- Elgar original reference
Edited by Richard M. Bird and Enid Slack
Chapter 11: Real Property Taxation in the Philippines
Milwida Guevara The political subdivisions of government in the Philippines are the provinces, cities, municipalities and barangay (villages). There are currently 113 cities, 80 provinces, 1386 municipalities, and 42 000 barangay. The barangay serves as the basic political unit of government and the primary planning and implementing unit of public policies and programs. The barangay is also the forum where views of the community are crystallized and articulated. It is tasked with the provision of simple services such as the maintenance of day-care centers for children and the administration of the village justice system. It is a mechanism through which disputes between community members are arbitrated or settled through informal means. A municipality consists of a group or clusters of barangay. The municipal government is primarily responsible for primary health-care, social welfare services, the solid waste disposal system, and agricultural extension services. A province comprises a cluster of municipalities and component cities. The maintenance of provincial hospitals, provision of provincial infrastructure, the enforcement of laws on environment and social welfare services, and the provision of tertiary health services have been devolved to the provincial government. In addition, provincial governments are responsible for relief operations and population development services. A city is an urbanized and developed municipality. The Philippine Congress can convert a municipality into a city given certain benchmarks in terms of population and income. The city government is charged with the provision of services that provinces and municipalities provide, as well as support for education, police, and ﬁre prevention...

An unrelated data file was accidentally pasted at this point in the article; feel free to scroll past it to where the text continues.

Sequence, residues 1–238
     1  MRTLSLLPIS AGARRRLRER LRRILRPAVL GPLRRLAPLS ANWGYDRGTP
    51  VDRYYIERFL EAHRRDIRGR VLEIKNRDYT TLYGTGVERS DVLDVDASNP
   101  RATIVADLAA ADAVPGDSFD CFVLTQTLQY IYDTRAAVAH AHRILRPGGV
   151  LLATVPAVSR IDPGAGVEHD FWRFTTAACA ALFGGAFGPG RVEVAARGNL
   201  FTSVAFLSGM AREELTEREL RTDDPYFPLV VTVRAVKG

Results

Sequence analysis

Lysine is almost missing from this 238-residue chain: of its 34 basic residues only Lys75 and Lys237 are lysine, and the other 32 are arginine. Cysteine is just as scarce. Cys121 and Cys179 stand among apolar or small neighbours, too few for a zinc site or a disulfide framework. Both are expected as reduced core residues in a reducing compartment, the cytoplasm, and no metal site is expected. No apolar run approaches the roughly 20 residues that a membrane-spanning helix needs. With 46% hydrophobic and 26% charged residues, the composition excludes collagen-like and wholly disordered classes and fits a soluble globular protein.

You are not authenticated to view the full text of this chapter or article.
Elgaronline requires a subscription or purchase to access the full text of books or journals. Please login through your library system or with your personal username and password on the homepage.
Non-subscribers can freely search the site, view abstracts/ extracts and download selected front matter and introductory chapters for personal use.
Your library may not have purchased all subject areas. If you are authenticated and think you should have access to this title, please contact your librarian.